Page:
Choosing the right college is one of the biggest decisions you may have had to make so far. Other people may influence the decision, but ultimately, it is your decision, that will impact you in the most direct way. Having recently graduated, I look back on four amazing years of my life. I formed friends I will never forget, passions I never knew existed within me, and the person I am and want to become. In order to fully benefit from your college experience, I would first recommend visiting the college. University of Wisconsin-Madison was my last choice until I went on a college visit and fell in love with the campus, the people, and the opportunities available. Can you see yourself as one of the tour guides, or a student in one of the lectures, or a person studying in the libraries? Invest as much time as possible finding out what kind of options the shcool can provide because if you change your major path, or career aspirations, you will want the tools to form a new path. And finally . . . when picking the college for you, find one aspect of that school that excites you beyond any other.
If I could meet myself as a high school senior with my current knowledge, I would offer the advice to abandon social networking sites and be a more accountable friend. Thinking back on my life and how much time I have needlessly spent on the internet chatting, updating Facebook, and playing silly games, I am quite embarrassed. I could have spent much more time with friends building real relationships. I think hanging out with friends is more fun then online chatting anyway and helps maintain social interaction skills that are so often set on the back burner in the age of the "txt". I see the onset of cellular phones coincide with the abandonment of friendship accountability. It is too easy to change plans on the fly just because you recieved a text about another event. RSVPing has no use anymore since Facebook has a "maybe" button. This advice boils down to people should be more courteous: Your friends can depend on you, and in turn, you can depend on your friends. I think this advice can improve your life in college and the lives of your friends and is the best life advice I can give to students.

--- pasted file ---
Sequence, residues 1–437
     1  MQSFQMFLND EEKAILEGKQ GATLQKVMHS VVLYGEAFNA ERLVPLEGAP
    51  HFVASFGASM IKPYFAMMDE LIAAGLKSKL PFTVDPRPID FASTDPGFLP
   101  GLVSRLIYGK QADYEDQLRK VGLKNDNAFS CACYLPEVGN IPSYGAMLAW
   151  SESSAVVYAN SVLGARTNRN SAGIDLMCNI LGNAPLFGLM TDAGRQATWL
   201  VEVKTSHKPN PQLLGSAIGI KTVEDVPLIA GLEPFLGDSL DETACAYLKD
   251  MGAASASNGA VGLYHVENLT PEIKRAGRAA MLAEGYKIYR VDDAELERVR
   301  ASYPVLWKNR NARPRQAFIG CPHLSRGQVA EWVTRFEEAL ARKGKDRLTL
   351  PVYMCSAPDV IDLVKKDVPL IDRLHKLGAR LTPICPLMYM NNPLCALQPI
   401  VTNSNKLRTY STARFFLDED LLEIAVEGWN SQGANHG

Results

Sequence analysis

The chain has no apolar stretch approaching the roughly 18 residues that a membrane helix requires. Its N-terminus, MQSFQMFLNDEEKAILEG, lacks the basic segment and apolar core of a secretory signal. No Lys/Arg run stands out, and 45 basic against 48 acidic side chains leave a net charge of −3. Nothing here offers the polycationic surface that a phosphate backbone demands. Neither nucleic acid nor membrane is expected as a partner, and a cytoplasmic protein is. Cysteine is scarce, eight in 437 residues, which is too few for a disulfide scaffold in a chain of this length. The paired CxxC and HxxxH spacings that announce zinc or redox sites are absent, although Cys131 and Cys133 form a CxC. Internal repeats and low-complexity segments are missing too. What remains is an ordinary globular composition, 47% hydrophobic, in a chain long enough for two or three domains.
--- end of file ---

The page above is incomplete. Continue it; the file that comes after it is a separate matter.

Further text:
At the University of Wisconsin, I discovered who I am. The amount of personal growth I experienced as an undergraduate profoundly changed my identity. When I transferred to UW-Madison as a sophomore, I simply hoped that I would begin to enjoy more academic and social freedom than I had at the small, Catholic college I’d attended my freshman year. Instead, I found my life’s direction. My diverse academic classes pointed me on a path of discovery that introduced me to professors who would become my mentors and to peers from whom I gained inspiration, knowledge and lifelong friendships. My journey even led me to study abroad in Cairo, Egypt, an experience that has forever reshaped my perspective on the world and life itself. Perhaps most importantly, as an undergraduate student I met the man who would become the love of my life. My years as a UW-Madison student taught me to seek out those moments that can change a life. When I started college, I needed to learn how to step forward and take ownership of my life. UW-Madison showed me the way, and that is a lesson for which I am forever grateful.